For many, Mick Ronson needs no introduction. However, for his much celebrated fame with Bowie’s Spiders From Mars, his associations with Mott The Hoople and Lou Reed and having a lifetime champion in Def Leppard’s Joe Elliott, there’s one aspect of Ronson’s career that’s sometimes overlooked: his 1970s solo recordings.
When David Byron left Uriah Heep in 1976, the band’s fans figured he’d be irreplaceable. His dynamic vocal range was an important part of the Heep sound, after all. The band found a replacement in ex-Lucifer’s Friend vocalist John Lawton and to everyone’s surprise, the resulting album – 1977’s ‘Firefly’ – was not only enjoyable, but a big improvement over the workmanlike approach which dominated most of 1976’s ‘High & Mighty’. This was an achievement considering the band had lost a key member, but pretty amazing since they also had a new bass player in tow. ‘Firefly’ also marks the first appearance in Uriah Heep for Trevor Bolder (best known for his work as bassist with David Bowie’s Spiders From Mars).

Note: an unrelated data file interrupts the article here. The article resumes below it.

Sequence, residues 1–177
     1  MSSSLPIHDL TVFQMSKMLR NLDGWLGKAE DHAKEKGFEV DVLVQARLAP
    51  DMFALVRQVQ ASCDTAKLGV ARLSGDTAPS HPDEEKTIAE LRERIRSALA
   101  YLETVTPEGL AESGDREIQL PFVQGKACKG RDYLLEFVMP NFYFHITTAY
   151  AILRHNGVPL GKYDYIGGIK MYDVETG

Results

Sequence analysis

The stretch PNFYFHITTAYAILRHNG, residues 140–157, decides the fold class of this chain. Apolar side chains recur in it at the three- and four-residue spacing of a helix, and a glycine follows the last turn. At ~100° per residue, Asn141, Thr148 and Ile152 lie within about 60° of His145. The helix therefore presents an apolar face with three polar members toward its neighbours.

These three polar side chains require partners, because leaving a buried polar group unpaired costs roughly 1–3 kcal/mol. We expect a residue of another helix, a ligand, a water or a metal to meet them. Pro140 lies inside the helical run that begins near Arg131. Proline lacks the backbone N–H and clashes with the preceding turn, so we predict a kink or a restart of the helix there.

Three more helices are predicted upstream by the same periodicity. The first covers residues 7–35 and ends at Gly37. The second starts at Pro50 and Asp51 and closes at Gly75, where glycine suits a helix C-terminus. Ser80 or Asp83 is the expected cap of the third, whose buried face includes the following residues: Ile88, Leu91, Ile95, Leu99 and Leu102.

On 21st May 2013, legendary rock bassist Mr. Trevor Bolder lost his battle with pancreatic cancer at the age of 62.